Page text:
Appellant argues next that the trial court erred by refusing to enjoin appellees from transporting patients in vehicles that are equipped as, but not licensed as emergency ambulances, under circumstances where transport by ambulance was certified to Medicare/Medicaid as “medically necessary.”   This was not alleged in AMR's original petition;  nevertheless we find this contention without merit.   It is noteworthy that the ambulance ordinance fails to define the maximum equipment that the ambulances are permitted to carry whether for non-emergency or emergency purposes.   What the pertinent ordinance does state is that, “No person licensed under the provisions of this chapter as an ambulance service provider shall allow any non-emergency medical vehicle to be operated without the following minimum equipment․”

 David Creed, director of the North Delta Planning and Economic Development District, Inc. (“North Delta”), testified at the trial of the matter.   Creed testified that North Delta had previously contracted with OCOG to be the administrator of that organization and provide staffing since OCOG has no staff of its own.   North Delta has carried out this role since at least 1980.

Creed testified that the ambulance ordinance established a minimum equipment standard for non-emergency vehicles.   In light of this testimony, the fact that appellees' ambulances were equipped with a paramedic, in addition to the standard minimum equipment is not alone an indicator that appellees transported patients in violation of their non-emergency licensed.   As indicated by Creed's testimony, had it been determined that Med Life or Pafford were in violation of their license, it would “be grounds for either suspension or revocation of the non-emergency service provider's license by the OCOG.” As the evidence does not show that appellees were found to be in violation by OCOG, we find no merit to this assignment of error.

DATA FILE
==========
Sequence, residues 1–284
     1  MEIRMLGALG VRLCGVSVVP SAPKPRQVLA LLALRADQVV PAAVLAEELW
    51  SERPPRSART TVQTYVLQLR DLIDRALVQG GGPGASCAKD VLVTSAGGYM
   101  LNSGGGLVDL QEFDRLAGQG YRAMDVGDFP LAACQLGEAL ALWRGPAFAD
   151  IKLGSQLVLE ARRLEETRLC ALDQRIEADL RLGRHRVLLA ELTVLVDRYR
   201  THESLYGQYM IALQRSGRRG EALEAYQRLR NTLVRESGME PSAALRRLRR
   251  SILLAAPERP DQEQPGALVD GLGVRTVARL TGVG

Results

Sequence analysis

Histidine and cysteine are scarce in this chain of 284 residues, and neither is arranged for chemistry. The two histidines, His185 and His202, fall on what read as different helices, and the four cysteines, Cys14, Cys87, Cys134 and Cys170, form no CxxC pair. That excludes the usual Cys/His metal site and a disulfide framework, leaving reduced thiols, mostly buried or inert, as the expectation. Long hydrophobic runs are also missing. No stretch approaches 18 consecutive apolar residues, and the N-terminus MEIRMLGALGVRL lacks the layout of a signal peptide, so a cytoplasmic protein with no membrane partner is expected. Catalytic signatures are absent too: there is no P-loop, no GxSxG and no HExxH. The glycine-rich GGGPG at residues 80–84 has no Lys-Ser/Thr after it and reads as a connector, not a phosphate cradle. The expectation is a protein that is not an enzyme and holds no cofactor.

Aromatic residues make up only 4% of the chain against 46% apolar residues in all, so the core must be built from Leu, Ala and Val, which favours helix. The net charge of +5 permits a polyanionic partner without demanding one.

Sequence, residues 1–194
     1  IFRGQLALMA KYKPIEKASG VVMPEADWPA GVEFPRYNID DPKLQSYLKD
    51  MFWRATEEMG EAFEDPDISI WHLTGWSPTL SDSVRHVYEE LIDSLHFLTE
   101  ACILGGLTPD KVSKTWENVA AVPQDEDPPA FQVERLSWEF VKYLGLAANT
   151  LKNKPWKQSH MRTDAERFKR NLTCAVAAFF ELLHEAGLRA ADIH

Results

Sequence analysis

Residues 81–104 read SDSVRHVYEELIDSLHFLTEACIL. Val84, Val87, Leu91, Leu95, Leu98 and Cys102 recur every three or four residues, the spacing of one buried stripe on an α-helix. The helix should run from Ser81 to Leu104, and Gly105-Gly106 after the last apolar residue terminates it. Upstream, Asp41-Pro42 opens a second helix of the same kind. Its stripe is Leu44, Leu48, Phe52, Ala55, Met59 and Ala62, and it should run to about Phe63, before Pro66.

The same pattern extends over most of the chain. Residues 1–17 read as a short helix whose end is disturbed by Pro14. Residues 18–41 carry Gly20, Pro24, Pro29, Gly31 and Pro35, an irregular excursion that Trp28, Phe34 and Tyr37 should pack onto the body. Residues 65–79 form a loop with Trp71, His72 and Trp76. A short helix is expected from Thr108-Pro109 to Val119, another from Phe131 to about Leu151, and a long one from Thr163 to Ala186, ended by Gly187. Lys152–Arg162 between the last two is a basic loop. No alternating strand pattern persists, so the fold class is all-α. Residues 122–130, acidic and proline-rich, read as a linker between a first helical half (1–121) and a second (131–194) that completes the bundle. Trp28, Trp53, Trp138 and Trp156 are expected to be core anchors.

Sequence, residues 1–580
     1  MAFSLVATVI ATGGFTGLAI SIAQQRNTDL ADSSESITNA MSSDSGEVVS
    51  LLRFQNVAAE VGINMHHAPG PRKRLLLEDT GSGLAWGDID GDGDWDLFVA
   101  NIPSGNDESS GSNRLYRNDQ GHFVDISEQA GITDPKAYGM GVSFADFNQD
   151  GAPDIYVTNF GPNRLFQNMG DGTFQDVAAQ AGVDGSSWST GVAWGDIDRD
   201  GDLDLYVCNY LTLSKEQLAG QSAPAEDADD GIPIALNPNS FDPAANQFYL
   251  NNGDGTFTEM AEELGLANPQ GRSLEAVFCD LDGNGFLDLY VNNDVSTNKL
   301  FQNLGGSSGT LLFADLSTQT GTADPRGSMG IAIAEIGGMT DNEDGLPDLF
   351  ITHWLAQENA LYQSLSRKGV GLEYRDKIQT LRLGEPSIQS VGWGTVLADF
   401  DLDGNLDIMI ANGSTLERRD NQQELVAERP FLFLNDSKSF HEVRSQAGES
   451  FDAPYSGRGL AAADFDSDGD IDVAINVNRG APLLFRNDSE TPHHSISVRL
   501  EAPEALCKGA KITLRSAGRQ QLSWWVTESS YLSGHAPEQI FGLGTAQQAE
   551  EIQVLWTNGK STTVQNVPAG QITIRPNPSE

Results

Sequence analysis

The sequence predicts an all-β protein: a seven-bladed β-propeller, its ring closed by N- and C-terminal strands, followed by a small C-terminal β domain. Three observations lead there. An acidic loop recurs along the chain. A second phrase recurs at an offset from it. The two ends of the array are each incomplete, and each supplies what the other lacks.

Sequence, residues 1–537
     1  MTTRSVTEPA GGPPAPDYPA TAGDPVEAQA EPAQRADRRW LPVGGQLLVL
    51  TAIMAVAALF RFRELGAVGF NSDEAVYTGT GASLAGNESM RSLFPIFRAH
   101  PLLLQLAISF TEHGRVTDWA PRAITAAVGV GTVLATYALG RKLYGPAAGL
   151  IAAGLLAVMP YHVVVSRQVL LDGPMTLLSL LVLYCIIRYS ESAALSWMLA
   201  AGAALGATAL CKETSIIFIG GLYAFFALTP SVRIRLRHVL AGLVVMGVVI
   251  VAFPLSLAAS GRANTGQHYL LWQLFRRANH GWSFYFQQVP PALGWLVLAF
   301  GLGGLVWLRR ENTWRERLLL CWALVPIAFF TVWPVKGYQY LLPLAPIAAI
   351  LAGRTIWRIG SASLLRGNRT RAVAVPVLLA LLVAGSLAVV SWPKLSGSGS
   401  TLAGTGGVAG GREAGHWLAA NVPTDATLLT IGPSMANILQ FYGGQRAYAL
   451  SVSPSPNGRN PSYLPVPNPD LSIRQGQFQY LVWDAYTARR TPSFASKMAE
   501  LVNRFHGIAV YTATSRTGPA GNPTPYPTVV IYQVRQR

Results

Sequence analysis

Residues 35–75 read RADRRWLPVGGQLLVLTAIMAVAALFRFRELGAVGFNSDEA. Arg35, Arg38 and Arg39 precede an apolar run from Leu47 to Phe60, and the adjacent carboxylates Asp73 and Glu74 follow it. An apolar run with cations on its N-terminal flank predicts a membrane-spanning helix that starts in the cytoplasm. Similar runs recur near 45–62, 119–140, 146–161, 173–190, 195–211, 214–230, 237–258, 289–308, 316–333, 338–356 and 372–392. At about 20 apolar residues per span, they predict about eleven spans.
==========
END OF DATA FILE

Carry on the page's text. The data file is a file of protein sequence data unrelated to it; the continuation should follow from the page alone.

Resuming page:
Finally, appellant contends that the trial court abused its discretion in rejecting AMR's proffers 2 and 3. AMR rested its case on January 8, 2004, and court was adjourned.   On March 31, 2004, court reconvened and at that time AMR advised the trial court it wanted to re-call one of two witnesses ostensibly to identify and discuss a recent directive from the OCOG Ambulance Committee and a revised Non-Emergency Transportation Authorization.   This request was denied by the trial court and AMR made a proffer of the evidence.

 The trial court is generally accorded discretion regarding the admission or exclusion of evidence, and its decision to do so will not be reversed absent a showing of abuse of discretion.  Credit Recoveries, Inc. v.  Crow, 37,913 (La.App. 2nd Cir.12/17/03), 862 So.2d 1146.   It is significant that the record does not indicate that appellant laid the proper foundation authenticating proffers 2 and 3, nor did it present evidence that these documents were actually ever adopted by OCOG. The evidence proffered by appellant concerned Medicaid billing guidelines.   Since the billing guidelines do not address the issue of certification, we find the trial court was well within its discretion to find that this evidence was not relevant to the issue of whether or not Med Life and Palford were in violation of their non-emergency licenses and whether AMR is entitled to injunctive or declaratory relief.   This assignment of error lacks merit.


A review of the record in its entirety supports the trial court's ruling that declaratory and injunctive relief was not warranted in this instant.   AMR failed to show by a preponderance of the evidence that it suffered irreparable harm in this instant.   The ambulance ordinance is replete with ambiguities as to what constitutes medical necessity or medical attention.   However, it does purport to indicate that in circumstances where time is of the essence to transport a patient, AMR presently is the only licensed emergency ambulance service provider in Ouachita Parish.   The evidence also indicates that as the regulatory agency OCOG has the authority to sanction appellees if it finds they are in violation of their license as non-emergency ambulance providers in the Parish of Ouachita.   For the reasons assigned, the judgment of the trial court denying AMR's Petition for Declaratory and Injunctive relief is affirmed.   Costs of these proceedings are assessed to AMR.



1.   The record reveals that the ordinance had been amended in 2002 to reflect an increase of said charge to $25.00 each way and $1.00 per mile or the applicable Medicare rate.

2.   One complaint against Med Life concerned a situation where time was of the essence and involved an accident in between Ouachita Parish and another parish where Med Life retained an emergency provider license.   As Med Life was called to the scene first, it ultimately was not found to be in violation of its non-emergency provider license.